The Cathedral & the Bazaar

 in
O'Reilly has done us all a good favor by collecting a number of Raymond's pieces and making them readily accessible at a price everyone can afford.
  • Author: Eric S. Raymond

  • Publisher: O'Reilly & Associates

  • E-mail: info@ora.com

  • URL: http://www.oreilly.com/

  • Price: $19.95 US

  • ISBN: 1-56592-724-9

  • Reviewer: Peter H. Salus

Beginning in 1992, Eric S. Raymond has jotted notes and comments that were (and still are) net-accessible. Since 1996, several of his essays (most notably “The Cathedral & the Bazaar”) have become required reading. If anything, the obloquy heaped on Raymond by the PR folks in Redmond, WA (e.g., in the “Halloween documents”) has made him more important.

O'Reilly has done us all a good favor by collecting a number of Raymond's pieces and making them readily accessible at a price everyone can afford.

The volume contains “A Brief History of Hackerdom”, “The Cathedral & the Bazaar”, “Homesteading the Noosphere”, “The Magic Cauldron”, “The Revenge of the Hackers” and “Afterword”, plus two appendices.

These are the “commonsense” or the “Federalist papers” for the Open Source movement. They are the testimony of just why the BSDs and Linux, Perl and Python, Tcl and Java are successful: we have tens of thousands of programmers all over the world contributing to the excellence of programs and systems. We don't have an encapsulated proprietary system which no one can debug.

When I was writing A Quarter Century of UNIX (Addison-Wesley, 1994), I realized that essential to the “UNIX philosophy” was something alien to commercial programming: the changes to the kernel, the applications and the programs were all written by one or two or three hackers, not by teams of programmers. Eric Allman wrote Sendmail; Mike Lesk wrote the original uucp (even the mid-1980s version, HoneyDanBer, was by Peter Honeyman, Dan Nowitz and Brian Redman); Steve Johnson wrote yacc; Bill Joy wrote vi, etc. Brian Kernighan once told me AWK was the toughest project he ever worked on “because there were three of us” (Aho, Weinberger and Kernighan).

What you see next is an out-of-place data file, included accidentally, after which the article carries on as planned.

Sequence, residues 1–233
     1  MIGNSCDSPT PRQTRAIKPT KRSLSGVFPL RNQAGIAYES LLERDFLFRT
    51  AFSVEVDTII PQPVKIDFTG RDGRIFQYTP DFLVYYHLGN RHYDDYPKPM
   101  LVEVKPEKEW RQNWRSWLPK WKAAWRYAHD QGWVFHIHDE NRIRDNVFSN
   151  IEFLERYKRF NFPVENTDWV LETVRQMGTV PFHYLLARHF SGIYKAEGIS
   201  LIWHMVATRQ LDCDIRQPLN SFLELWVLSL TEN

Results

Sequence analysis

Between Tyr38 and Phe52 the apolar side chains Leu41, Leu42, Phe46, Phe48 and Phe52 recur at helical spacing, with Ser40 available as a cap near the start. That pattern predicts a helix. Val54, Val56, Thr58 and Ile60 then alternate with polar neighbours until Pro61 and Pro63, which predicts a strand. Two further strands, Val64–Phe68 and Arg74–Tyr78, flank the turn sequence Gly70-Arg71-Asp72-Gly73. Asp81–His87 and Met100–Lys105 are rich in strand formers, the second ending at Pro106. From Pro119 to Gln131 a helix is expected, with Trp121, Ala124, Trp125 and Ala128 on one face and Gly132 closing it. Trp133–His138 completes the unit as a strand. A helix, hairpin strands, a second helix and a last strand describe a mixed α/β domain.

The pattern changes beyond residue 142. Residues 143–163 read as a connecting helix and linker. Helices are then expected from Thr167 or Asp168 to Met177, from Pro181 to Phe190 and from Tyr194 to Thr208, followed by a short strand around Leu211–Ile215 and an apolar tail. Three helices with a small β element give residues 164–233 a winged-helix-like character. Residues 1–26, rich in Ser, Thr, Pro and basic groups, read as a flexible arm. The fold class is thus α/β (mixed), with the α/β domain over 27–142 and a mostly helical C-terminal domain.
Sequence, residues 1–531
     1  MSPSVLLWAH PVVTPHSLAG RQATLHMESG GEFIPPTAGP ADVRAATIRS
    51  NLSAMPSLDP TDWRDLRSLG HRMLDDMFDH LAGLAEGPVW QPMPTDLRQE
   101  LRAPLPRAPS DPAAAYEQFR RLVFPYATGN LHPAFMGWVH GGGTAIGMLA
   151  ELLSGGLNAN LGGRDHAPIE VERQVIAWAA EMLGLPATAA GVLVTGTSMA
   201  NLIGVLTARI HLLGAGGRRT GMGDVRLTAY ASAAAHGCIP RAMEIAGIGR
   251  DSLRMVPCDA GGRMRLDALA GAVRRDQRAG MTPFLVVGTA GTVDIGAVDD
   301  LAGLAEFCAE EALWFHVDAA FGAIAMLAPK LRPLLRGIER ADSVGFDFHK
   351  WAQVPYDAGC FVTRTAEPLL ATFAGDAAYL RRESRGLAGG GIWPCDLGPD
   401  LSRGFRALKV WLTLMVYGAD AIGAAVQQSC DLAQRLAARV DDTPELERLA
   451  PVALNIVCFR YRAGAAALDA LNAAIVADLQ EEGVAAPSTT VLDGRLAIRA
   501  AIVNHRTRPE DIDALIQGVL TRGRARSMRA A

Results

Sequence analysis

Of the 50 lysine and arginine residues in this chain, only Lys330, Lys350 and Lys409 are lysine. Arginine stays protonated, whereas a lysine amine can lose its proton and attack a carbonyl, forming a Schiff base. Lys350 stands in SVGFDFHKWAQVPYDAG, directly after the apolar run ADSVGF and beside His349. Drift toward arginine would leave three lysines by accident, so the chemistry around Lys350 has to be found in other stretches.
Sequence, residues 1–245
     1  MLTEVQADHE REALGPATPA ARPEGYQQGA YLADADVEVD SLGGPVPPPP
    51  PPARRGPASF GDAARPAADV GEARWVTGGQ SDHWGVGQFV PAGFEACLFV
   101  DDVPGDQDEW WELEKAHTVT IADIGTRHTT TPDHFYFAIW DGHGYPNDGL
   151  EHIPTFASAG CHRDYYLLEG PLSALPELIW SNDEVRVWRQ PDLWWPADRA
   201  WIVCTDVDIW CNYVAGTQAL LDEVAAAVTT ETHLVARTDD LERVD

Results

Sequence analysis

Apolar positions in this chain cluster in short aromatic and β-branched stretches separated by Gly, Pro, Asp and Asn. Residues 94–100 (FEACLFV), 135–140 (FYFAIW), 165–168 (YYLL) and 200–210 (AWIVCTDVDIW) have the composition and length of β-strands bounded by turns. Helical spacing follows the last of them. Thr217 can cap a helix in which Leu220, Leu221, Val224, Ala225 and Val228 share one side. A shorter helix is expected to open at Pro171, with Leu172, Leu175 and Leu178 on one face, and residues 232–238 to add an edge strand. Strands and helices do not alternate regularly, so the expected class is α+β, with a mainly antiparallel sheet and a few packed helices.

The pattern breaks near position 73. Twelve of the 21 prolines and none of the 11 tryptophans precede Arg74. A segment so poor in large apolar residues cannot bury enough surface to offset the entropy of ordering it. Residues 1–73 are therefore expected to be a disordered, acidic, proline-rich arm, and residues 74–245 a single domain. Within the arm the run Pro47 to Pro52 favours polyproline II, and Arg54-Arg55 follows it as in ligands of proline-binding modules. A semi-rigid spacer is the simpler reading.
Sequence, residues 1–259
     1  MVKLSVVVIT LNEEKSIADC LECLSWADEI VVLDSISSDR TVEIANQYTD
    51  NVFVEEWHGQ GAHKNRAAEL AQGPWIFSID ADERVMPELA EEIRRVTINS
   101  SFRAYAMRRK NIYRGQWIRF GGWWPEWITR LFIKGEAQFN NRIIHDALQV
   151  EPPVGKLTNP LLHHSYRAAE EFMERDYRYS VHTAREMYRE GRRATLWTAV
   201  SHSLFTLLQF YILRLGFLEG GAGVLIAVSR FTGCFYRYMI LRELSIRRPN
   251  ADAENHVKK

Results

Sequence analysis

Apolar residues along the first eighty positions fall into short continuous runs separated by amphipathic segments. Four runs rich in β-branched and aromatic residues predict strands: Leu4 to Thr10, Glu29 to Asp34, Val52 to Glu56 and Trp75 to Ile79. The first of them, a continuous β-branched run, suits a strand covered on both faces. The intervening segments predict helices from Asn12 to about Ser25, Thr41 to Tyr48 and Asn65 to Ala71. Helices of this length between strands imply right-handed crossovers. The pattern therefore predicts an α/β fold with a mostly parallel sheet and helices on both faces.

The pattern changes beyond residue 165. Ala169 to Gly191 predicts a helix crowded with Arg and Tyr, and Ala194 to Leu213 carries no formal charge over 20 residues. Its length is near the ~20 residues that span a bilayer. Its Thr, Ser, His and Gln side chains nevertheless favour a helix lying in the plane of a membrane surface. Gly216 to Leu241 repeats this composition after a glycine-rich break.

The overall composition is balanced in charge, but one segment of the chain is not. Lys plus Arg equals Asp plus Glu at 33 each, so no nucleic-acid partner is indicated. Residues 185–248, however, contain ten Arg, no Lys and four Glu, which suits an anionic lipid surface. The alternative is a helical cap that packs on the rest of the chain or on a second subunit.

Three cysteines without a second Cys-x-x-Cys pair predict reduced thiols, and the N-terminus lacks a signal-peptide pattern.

Of course, it's all the Internet's fault. Even with the semi-annual USENIX tape-swaps and uucp, stuff passed about more slowly. It's the Net that enabled a Finnish student to send his work to nearly every corner of the world and enabled thousands to contribute and feed stuff back to him.

In some ways, “The Magic Cauldron” is my favorite essay of Raymond's. Here, he shows that he understands the underlying economic reasons for the success of open software. This understanding is based on the anthropological study of gift exchanging and the concepts of what happens in a gift culture when “survival goods are abundant”, and therefore, the exchange is no longer interesting.

This is tied together with the notions inherent in the fact that software has two distinct values: use value and sales value. As Raymond says, use value is value as a tool; sales value is value as a salable good. One of Raymond's most interesting discussions is founded in this.

Food, equipment and books all retain value independent of the producer. If a farmer sells his farm, the food produced retains its value, etc. When a computer manufacturer (hardware or software) goes out of business or a line is discontinued, the price users are willing to pay plummets. The price users will pay is limited by “the expected future value of vendor service”.

Open-source software forces the vendor into a world of service-fee-domination and exposes “what a relatively weak prop the sale value of the secret bits in closed-source software was all along”.

The true advantage for all of us lies in the notion of high-quality software being built upon by the community, rather than being locked up in a vault or discontinued.

Raymond believes that in 2000/2001, Linux will be “in effective control of servers, data centers, ISPs and the Internet, while Microsoft maintains its grip on the desktop”. Most likely, that's correct. But with the advent of products like StarOffice and WordPerfect for Linux, there may well be inroads into the desktop market as well.

This is a fine, thought-provoking book that should be read by anyone interested in computing: open, academic or proprietary.

Peter H. Salus, the author of A Quarter Century of UNIX and Casting the Net, is Editorial Director of SSC. He can be reached at peter@ssc.com.

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